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Cooking for One? Try These Delicious Hacks to Maximize Your Food Budget

A young woman wearing a white shirt stirs a bowl

Does it feel like your grocery budget is getting tighter? Well you’re not alone, and with grocery prices becoming more and more expensive, budget-friendly grocery and cooking hacks are in high demand — especially if you’re the only person you’re feeding. Cooking for one? No need to skimp on flavour: all you need are a few tricks in the kitchen to create delicious, satisfying meals for one — on a dime.

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assorted flowers and herbs in ice cube trays

Freeze your herbs

Does your huge bundle of herbs often wilt before you’ve had time to use it all? There is a solution. Freezing your extra fresh herbs keeps them fresh until you need them next, and avoids unnecessary food waste. Simply remove thick stems, finely chop your herbs, and put them in an ice cube tray or zip-top freezer bag with water and even a bit of oil.

Related: These are the food trend predictions for 2022 we’re most excited about.

A young woman makes a big batch of pasta in the kitchen

Make big batches

This tip may seem obvious (and may take some initial effort), but making big-batch meals and saving leftovers for later will help save you time, money and help prevent food waste — and, when cooking for one, prepping a big-batch recipe makes many meals. Look for value-size packs of meat, fish or vegetables to cook and freeze into individual portions to be used when you need them.

See also: Did that price go up? 10 everyday things that will cost more in 2022.

A woman cooking in an orange pot on the stove

Slow-cook your way to savings

Speaking of making big-batch recipes: if you have a crock pot or slow-cooker on hand, now is the time to use it. Make the most of your budget (and take advantage of your slow-cooker) by looking for cheaper, whole cuts of meat like pork shoulder or beef shank, which taste fantastic when cooked low and slow. Slowing cooking helps the meat stay moist and tender and can be customized using sauces, spices, vegetables and broths.

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A young woman cooking

Repurpose your condiments

If a recipe calls for a specific sauce, herb or condiments that you don’t have or don’t often use, think twice before making an additional purchase. Repurposing sauces is a simple trick when you’re cooking on a budget. Try swapping out sour cream with plain greek yogurt, green onion tips in place of chives, or whipping up an easy DIY Worcestershire sauce.

See also: What is pink sauce — and why is everyone talking about it?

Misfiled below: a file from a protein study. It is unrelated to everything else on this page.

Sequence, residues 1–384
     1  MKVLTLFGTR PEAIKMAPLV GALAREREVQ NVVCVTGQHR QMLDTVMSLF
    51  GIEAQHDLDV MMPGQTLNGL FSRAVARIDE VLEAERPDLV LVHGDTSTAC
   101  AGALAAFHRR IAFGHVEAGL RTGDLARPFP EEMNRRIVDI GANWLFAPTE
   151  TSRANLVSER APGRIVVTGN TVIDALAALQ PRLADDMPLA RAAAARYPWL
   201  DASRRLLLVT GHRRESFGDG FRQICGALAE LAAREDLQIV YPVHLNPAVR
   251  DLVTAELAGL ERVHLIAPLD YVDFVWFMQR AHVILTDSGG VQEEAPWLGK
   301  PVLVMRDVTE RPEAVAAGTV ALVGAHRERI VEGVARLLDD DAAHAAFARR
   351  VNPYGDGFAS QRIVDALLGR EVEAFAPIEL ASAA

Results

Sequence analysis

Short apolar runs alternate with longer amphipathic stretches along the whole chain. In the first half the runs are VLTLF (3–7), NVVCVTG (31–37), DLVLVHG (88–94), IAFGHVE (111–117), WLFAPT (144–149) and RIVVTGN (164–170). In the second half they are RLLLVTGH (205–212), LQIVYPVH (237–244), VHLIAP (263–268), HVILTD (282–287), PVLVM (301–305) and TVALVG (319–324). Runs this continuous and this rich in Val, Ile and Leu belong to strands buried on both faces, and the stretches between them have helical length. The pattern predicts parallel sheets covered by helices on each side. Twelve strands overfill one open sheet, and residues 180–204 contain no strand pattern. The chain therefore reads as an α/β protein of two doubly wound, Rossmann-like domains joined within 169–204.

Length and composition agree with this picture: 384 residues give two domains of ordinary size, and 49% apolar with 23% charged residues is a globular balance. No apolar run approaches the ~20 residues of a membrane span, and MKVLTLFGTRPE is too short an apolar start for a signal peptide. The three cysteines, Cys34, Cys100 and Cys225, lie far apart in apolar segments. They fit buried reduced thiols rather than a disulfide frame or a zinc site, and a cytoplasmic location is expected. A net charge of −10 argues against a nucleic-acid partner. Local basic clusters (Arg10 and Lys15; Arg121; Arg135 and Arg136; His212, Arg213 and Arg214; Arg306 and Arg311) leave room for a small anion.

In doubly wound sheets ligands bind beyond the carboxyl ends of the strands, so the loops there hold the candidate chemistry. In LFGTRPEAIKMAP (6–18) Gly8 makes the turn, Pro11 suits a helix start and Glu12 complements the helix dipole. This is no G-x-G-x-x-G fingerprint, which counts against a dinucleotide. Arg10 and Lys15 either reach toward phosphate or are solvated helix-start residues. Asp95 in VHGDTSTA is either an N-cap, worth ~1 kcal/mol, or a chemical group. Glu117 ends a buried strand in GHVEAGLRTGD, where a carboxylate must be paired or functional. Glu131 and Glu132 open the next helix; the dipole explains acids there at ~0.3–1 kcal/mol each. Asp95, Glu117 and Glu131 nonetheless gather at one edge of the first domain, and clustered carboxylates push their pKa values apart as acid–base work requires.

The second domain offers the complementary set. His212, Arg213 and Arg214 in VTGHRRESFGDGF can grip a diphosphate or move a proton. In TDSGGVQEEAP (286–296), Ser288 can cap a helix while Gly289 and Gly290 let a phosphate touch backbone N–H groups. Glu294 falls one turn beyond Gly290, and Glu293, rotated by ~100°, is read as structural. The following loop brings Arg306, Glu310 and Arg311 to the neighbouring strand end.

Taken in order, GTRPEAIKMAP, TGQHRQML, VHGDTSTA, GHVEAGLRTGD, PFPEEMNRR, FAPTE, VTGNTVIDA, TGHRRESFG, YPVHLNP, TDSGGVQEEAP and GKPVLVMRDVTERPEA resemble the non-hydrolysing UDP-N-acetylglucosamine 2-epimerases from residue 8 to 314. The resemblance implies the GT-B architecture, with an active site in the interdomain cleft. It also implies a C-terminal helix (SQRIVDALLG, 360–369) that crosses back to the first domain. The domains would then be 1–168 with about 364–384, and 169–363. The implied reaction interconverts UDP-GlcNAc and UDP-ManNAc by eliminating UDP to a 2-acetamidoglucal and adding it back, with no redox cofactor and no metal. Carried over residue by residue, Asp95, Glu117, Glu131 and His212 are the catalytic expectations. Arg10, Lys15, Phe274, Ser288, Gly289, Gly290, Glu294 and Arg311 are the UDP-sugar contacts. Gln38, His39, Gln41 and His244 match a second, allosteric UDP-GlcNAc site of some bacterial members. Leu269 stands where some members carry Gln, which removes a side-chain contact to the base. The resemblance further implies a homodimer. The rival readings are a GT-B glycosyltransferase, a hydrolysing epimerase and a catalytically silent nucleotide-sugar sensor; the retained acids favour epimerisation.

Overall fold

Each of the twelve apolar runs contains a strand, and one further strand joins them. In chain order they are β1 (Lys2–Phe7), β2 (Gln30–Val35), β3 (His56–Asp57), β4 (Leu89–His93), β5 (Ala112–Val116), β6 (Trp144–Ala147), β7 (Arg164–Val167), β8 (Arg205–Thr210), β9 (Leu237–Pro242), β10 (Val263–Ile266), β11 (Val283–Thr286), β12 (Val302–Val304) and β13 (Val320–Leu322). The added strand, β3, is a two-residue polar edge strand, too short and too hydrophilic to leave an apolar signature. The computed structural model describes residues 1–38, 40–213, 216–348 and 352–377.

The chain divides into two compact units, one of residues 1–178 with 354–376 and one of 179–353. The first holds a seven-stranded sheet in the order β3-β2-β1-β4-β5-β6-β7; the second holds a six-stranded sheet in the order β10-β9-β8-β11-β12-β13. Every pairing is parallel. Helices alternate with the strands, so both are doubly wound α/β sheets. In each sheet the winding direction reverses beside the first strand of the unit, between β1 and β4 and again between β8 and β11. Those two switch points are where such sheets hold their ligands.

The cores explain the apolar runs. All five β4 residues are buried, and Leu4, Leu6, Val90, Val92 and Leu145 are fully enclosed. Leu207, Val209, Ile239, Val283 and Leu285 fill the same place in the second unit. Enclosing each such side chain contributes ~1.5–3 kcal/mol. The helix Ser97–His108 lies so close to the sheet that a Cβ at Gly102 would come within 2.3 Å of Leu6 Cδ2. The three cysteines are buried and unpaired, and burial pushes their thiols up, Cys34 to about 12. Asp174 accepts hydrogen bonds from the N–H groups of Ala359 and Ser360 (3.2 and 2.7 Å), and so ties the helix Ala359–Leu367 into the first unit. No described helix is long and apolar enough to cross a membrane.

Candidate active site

A young woman holds a cracker topped with fresh berries

Shop seasonal

Purchasing local, seasonal produce means it will likely taste fresher and cost less due to minimal transport. Check out farmer’s markets and produce stands to find the best deals on produce that’s currently in-season.

Related: ‘Tip-flation’ is real in Ontario — this is how much the average tip is right now.

A young woman puts a bag of produce on the kitchen counter

Buy “ugly” produce

Many grocery stores will put irregular looking produce — think carrots with two “legs” or fruits with minor bruising — on sale. These naturally imperfect items are perfectly fine, save you money and help to eliminate food waste.

See also: This grocery app helps save the planet while saving you money.

A young woman reads a book while eating a bowl of ice cream

Make your own snacks

Purchasing store-bought snacks can get very expensive no matter how many people you’re feeding, and often aren’t as healthy as they seem. Instead of relying on prepackaged foods, try making your own at home. Granola bars, energy bites and veggie dips are easy and cost-effective snacks you can make and enjoy on your own.

Related: ‘Shrinkflation’ is real: Package sizes are getting smaller — but not prices.


A young woman chops vegetables in the kitchen

Incorporate meatless meals

Eating less meat is an easy way to pair down your grocery bill — and it can be good for the environment. If you’re a meat-eater, swap out your traditional animal proteins a few times a week with filling (and often less-expensive) alternatives like legumes, beans, eggs, peanut butter or tofu. These sweet and savoury tofu recipes offer plenty of ways to elevate this less-expensive protein source.

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